When the Grand Prairie Airhogs baseball team announced it was closing in October, many in the community of 200,000 people outside Dallas, Texas were aghast. Fans took to the team’s social media accounts lamenting what was “a horrible loss.”
But as soon as one door slammed shut, another quickly opened.
Situated strategically between Dallas and Fort Worth, Grand Prairie is one of the most ethnically diverse areas in America today. In a city in which nearly a quarter of residents were born outside the US, one in seven hail from countries in the south Asia region.
Grand Prairie is also ground zero for major sporting activity. The Dallas Cowboys National Football League franchise – the most valuable sports organisation on the planet, valued at $5.5 billion – and the Texas Rangers baseball team are both a 10-minute drive down the highway in Arlington.
Those elements combined have helped set in play what US cricket authorities say will be the sport’s most ambitious – and strategic – foray into the American market yet. Last month, Major League Cricket (MLC) in conjunction with USA Cricket, the country’s governing body, announced the signing of a long-term lease of the Airhogs stadium with plans to turn it into the leading cricket venue in the country.
Capacity will be increased to hold 8,000 spectators and the facility will include a dedicated performance centre for the men’s and women’s national cricket teams. The long-term plan, officials say, is to host major international games and tournaments including ICC and T20 world cup qualifiers.
Grand Prairie’s local government, which owns the stadium, is fully behind the move, with mayor Ron Jensen stating how it’s an exciting “opportunity to bring cricket to Texas … cricket is the second most popular sport in the world.”
All this is happening at a time of major upheaval for baseball. Last year, Major League Baseball, whose 30 franchises own all players in the 160 affiliated Minor League Baseball teams, effectively announced it would take complete control of player development.
The move means that 42 yet-to-be-named minor league franchises attached to the organisation will be cut loose. Some may continue as independent entities, though many are expected to shutter.
Since a majority of the stadiums they occupied are owned by local municipalities, these city authorities now find themselves on the hunt for new tenants.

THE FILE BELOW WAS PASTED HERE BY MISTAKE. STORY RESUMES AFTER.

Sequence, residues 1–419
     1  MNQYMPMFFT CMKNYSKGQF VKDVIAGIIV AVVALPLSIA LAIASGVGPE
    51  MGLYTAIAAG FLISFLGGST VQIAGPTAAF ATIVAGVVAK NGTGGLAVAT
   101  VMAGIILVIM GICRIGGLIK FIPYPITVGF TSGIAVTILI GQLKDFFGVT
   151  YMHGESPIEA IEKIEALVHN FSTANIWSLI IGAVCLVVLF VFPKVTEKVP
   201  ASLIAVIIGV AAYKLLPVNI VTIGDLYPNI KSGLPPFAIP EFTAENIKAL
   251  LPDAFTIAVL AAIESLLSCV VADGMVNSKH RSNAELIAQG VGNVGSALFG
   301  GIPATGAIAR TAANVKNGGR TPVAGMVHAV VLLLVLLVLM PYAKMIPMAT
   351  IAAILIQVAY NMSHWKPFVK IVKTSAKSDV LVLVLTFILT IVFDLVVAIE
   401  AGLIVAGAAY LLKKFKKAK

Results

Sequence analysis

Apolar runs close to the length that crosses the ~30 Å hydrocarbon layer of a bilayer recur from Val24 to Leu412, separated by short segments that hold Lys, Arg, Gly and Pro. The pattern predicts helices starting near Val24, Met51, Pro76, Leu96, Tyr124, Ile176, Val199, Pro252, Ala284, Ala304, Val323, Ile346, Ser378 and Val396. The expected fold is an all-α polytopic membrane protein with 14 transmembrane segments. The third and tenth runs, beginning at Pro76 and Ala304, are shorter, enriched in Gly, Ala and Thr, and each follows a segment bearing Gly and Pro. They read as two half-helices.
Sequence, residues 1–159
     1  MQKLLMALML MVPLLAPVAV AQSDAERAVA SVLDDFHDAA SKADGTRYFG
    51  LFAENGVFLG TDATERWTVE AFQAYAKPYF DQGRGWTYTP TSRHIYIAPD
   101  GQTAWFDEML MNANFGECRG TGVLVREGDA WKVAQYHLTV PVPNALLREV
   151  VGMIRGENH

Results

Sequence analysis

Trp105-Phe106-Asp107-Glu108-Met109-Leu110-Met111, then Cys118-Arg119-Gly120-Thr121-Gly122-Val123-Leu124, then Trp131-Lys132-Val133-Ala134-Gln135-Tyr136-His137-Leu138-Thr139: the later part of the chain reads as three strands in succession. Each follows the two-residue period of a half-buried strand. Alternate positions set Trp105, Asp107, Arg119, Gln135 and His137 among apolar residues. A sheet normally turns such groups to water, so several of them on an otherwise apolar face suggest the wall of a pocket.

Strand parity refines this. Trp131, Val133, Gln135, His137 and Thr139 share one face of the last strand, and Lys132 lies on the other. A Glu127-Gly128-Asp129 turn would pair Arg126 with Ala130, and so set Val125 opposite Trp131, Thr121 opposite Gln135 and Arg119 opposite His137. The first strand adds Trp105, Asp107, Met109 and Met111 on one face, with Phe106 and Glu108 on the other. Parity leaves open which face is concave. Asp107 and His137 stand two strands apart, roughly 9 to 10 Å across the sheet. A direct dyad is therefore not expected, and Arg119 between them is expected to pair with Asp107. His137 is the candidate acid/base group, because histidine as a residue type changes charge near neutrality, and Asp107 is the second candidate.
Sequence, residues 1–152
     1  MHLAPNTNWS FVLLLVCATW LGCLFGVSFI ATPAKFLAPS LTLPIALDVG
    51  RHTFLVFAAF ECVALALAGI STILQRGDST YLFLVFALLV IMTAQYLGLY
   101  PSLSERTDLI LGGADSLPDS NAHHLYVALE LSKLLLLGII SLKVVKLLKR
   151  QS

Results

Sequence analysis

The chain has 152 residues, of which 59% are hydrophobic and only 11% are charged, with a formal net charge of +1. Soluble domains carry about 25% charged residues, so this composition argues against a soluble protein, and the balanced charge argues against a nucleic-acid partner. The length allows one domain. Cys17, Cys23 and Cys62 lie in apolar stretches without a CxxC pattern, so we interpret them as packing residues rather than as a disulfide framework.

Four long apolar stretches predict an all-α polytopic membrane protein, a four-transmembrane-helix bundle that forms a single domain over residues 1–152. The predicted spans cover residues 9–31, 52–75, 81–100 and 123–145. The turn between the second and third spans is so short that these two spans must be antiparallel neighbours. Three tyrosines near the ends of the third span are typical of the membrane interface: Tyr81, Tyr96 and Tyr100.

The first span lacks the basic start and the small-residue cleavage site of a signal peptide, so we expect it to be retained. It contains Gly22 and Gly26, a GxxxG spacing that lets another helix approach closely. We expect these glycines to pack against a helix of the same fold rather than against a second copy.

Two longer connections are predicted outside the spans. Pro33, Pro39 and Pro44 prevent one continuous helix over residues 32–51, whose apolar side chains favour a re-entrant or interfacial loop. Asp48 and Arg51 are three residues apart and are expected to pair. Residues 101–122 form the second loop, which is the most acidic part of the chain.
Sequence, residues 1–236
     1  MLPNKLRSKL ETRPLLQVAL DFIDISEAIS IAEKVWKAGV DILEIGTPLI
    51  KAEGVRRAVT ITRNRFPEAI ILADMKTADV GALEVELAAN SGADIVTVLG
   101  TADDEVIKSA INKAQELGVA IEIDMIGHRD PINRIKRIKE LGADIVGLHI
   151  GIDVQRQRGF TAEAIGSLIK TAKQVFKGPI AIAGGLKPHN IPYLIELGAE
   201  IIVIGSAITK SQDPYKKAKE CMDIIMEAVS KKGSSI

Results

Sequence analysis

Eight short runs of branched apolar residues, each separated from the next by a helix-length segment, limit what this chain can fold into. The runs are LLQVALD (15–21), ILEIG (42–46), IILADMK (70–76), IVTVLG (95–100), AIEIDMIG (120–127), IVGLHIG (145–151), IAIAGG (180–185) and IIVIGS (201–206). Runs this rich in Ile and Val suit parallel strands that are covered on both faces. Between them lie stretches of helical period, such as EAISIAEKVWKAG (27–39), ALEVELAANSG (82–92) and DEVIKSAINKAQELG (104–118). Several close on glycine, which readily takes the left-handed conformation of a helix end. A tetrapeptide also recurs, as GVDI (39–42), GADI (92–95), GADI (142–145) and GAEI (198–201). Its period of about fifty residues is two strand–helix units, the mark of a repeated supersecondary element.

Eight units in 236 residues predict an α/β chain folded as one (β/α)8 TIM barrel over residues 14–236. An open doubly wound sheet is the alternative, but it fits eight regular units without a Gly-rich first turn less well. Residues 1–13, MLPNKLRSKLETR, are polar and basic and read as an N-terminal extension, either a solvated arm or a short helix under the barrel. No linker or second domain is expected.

That’s where cricket steps in.
Cricket authorities see these changes as a way to help get the sport in front of audiences both in large metro areas and the American heartland.
According to Will Swann, director of corporate development at MLC, taking over soon-to-be-available baseball stadiums across the county is an affordable way to get “high class stadiums.”
“It’s early days, but the major markets we’re looking at include San Francisco, Los Angeles, Washington DC and the New York-New Jersey area,” he says.
“We have some identified that we’ve started conversations with. But it’s about finding the right location and the existing structure or bowl that would work for converting to cricket.”
The move could finally put a sport followed by 20 million people in the US firmly at the centre of the world’s biggest sports market.
Swann says that some of the most obvious infrastructural changes relate to the shape of the grounds – baseball is played on a diamond-shaped field, while cricket requires a mainly oval playing surface pitches at its centre.
“The really attractive part is that we feel we can convert these grounds while keeping the main bowl structure intact.”
Unique sports venues across the world
Launching in 2022, Major League Cricket has the backing of some powerful names in the American sports world, including Paraag Marathe, a senior executive at the San Francisco 49ers NFL team and the son of Indian immigrants.
Six teams, including one based in Grand Prairie, are expected to open the inaugural Major League season. This month, it was announced that MLC has attracted investment from Bollywood actor Shah Rukh Khan, a co-owner of the Indian Premier League’s Kolkata Knight Riders.
All the while, efforts are afoot to develop the game at the community level. In August, 24 teams were confirmed to take part in the Minor League Cricket inaugural season scheduled to start in the spring.
For Major League Cricket, officials say striking a balance between importing star talent and developing new American players is a primary goal. While it’s not clear yet how many international players each team will be allowed to sign, the figure will likely be four to six.
Aside from attracting to the game what, as football has found out, can be a fickle American audience, other challenges include finding the right stadiums and once that’s done, re-laying parts of Major and Minor League pitches to construct turf wickets.
“That’s a key element to people improving their game,” says Swann.
“But the local cricket communities we’re working with are incredibly supportive and motivated.”